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PRI's The World


PRI's The World is a one-hour, weekday radio news magazine offering a mix of news, features, interviews, and music from around the globe.

PRI's The World is a one-hour, weekday radio news magazine offering a mix of news, features, interviews, and music from around the globe.
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Boston, MA




PRI's The World is a one-hour, weekday radio news magazine offering a mix of news, features, interviews, and music from around the globe.








Syrian refugee 'hero swimmer' out of prison, Michael Flynn's fate, is Krampus losing his edge?

The sentencing of Michael Flynn. Our take on it will examine his long military career and how he got into President Donald Trump's orbit. Also, we preview President Trump's plan B for a southern border wall. And, a young Syrian swimmer rescued migrants trying to cross the Mediterranean. The people she saved from drowning called her a hero. The Greek government now calls her a people smuggler. Those stories, and the news, today on The World.


More on the death of a 7-year-old at the US border, Putin seeks to reign in rap, abortion pills on the web

How did a 7-year-old Mayan girl die while in the care of US Customs and Border Protection? We retrace her steps, beginning with the community in Guatemala where her family originates. Plus, nearly 200 countries decide to keep the Paris climate agreement alive, even with some obstruction from the Trump administration. And Russian President Vladimir Putin and his plan to reign in his nation's rap scene.


A historic week for Yemen, a safe city for women, another rough day for Theresa May

A 7-year-old Guatemalan girl died hours after she was taken into Border Patrol custody, apparently of dehydration. She and her father were with a group of migrants who crossed into the US illegally along a remote strip of New Mexico desert and then turned themselves into Border Patrol. Plus, Russia's air force sent two strategic bombers to Venezuela this week. And an American newspaper has asked for stories about petty crime on social media, only to be met with British snark.


Friendship between women in El Salvador's prisons, a 'Crazy Rich Indian' wedding, a far-right advent calendar

A second Canadian citizen has been detained in China. We find out what these two arrests have to do with the previous detention in Canada of a top Chinese business executive, and with ongoing trade disputes between the US and China. Plus, in El Salvador, a miscarriage could land you in jail. And a who's who at a Crazy Rich Indian wedding. Those stories, and the news, today on The World.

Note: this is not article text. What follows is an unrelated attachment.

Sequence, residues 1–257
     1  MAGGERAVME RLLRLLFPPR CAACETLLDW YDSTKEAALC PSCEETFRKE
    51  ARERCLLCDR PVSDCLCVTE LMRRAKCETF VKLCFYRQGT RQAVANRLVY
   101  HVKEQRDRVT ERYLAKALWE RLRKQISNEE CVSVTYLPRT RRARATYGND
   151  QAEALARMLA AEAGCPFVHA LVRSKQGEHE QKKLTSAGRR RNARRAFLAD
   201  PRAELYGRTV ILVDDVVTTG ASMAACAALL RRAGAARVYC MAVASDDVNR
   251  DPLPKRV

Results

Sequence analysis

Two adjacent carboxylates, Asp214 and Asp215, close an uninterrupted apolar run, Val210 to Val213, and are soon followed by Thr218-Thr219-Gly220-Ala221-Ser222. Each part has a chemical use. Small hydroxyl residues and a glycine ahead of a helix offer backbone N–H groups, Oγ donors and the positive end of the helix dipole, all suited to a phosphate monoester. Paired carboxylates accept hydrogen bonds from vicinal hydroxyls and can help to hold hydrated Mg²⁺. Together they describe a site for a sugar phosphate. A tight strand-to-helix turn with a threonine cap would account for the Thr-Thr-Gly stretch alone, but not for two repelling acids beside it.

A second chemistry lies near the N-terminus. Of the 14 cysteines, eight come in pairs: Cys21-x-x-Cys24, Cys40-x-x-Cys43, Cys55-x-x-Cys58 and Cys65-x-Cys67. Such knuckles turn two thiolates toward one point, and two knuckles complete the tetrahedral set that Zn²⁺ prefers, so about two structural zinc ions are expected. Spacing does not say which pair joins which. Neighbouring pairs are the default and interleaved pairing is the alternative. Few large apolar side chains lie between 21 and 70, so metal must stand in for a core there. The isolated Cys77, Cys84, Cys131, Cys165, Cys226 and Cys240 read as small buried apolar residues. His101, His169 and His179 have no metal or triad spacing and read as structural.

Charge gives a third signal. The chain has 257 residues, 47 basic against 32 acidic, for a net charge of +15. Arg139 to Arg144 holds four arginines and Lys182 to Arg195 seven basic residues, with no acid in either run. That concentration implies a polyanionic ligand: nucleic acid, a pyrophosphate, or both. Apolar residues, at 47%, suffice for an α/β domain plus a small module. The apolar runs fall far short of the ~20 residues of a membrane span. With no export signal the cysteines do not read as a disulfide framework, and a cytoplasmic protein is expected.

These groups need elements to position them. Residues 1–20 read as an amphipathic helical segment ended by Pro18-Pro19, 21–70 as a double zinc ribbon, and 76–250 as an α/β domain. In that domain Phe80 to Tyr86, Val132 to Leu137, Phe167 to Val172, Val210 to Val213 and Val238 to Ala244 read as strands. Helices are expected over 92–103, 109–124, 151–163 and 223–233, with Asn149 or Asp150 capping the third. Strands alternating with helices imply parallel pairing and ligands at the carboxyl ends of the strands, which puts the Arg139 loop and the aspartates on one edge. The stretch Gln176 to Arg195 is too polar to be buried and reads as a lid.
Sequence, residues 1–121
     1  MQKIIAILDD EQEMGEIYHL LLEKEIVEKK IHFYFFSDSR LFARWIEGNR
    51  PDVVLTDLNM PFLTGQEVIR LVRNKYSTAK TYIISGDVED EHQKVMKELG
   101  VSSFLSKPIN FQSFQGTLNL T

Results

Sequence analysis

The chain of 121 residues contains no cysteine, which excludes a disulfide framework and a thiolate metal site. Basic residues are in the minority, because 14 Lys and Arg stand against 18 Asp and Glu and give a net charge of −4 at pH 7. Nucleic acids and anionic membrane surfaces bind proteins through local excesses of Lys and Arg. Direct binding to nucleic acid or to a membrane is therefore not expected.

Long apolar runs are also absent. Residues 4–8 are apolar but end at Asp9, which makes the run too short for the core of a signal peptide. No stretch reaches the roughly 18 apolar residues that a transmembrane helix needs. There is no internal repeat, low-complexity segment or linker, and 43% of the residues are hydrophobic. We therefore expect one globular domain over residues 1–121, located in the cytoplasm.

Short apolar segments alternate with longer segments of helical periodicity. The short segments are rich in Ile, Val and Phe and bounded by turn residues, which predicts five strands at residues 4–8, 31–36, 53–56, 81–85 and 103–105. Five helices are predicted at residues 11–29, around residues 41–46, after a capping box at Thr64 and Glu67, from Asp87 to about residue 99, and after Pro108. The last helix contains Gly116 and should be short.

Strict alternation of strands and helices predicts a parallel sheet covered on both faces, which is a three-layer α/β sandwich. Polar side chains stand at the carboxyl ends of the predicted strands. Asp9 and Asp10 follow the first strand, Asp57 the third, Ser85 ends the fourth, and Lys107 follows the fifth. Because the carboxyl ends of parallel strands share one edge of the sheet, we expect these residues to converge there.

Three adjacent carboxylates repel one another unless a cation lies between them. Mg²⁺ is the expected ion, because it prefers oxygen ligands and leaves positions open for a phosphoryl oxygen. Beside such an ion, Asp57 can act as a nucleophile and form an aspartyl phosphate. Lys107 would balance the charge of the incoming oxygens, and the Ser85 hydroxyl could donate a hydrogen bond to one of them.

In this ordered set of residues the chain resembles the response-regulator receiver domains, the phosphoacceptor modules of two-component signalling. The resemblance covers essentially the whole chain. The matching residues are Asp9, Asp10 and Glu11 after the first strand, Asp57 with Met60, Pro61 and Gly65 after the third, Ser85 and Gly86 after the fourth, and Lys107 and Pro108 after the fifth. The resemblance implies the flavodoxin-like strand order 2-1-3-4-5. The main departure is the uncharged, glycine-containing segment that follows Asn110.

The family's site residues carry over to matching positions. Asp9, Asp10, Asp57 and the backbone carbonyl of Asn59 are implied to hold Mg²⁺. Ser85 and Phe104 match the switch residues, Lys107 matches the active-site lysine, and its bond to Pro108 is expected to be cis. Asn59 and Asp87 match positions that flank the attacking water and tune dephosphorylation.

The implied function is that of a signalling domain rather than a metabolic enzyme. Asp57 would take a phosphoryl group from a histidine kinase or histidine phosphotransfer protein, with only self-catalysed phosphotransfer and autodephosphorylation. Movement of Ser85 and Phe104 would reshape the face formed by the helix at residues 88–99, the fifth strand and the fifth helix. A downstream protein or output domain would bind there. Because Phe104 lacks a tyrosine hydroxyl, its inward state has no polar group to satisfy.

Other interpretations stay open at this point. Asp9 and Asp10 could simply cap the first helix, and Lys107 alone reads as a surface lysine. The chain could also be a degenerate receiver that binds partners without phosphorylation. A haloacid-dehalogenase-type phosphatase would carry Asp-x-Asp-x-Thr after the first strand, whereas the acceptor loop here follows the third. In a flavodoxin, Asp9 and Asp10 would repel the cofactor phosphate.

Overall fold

History of Trump's business with Russia, the fashion and power of yellow vests, Australia's new encryption law

We learn more about President Donald Trump's business ties to Russia. Plus, the latest on Maria Butina, the first Russian who is expected to plead guilty on charges related to Russia's attempts to influence the 2016 US presidential election. And, how individual people are becoming collateral damage in the US-China trade war. Those stories, and the news, today on The World.


Recognizing climate migrants, transgender rights in the Philippines, can Brexit be funny?

Journalists who have risked their lives to report on authoritarian rulers and their abuses of power are named Time Magazine's "Person of the Year." And, world leaders are recognizing that one cause of migration is climate change in this year's UN Compact on Migration. Plus, an 8-year-old listener takes host Marco Werman to task over a line from one of our recent stories.


Elvis lights up in Germany, Congress takes on invasive insects, Brexit vote postponed

British Prime Minister Theresa May delays a vote in Parliament on her Brexit plan — an indication of how the move to separate Britain from the European Union continues to tear the nation apart. And in France, "yellow vest" demonstrations have led to calls for President Emmanuel Macron to step down. Plus, a German town honors Elvis with new traffic lights. Those stories, and the news, today on The World.


Trump's new pick for UN Ambassador, potential for peace in Afghanistan, the secret shelters for Iraqi women

President Donald Trump's new pick for UN Ambassador does not have a lot of experience in diplomacy. How much does that matter? Plus, there's both optimism and anxiety whether the Taliban and the Afghan government will ever come together and talk peace. And, how barbershops became a safe haven for African men. Those stories, and the news, today on The World.


'Friends' gains popularity with Syrian millennials, an arrest at Chinese telecom giant Huawei, Gaelic singer Christine Primrose

The surprising arrest of an executive at a Chinese telecom giant. The reason for the arrest remains a mystery. Also, an Italian radio station is running a competition to find the next big stars of TV and movie dubbing. Plus, a Gaelic singer is about to be awarded an honor from the Queen for her contribution to Scottish music and culture. Those stories, and the news, today on The World.


Russians swept up in the Mueller probe, drama for Dolce & Gabbana, Bangladesh building remote Rohingya island

There are a lot of Russians who've surfaced in the long-running inquiry led by special counsel Robert Mueller. We learn who the main Russian characters in the probe are, and where they are now. Also, there was a time when Planned Parenthood enjoyed bipartisan support. One of its biggest Republican supporters? George H.W. Bush. Plus, a fashion brand is criticized for releasing an ad for the Chinese market that many around the world found insensitive and racist. Those stories, and the news,...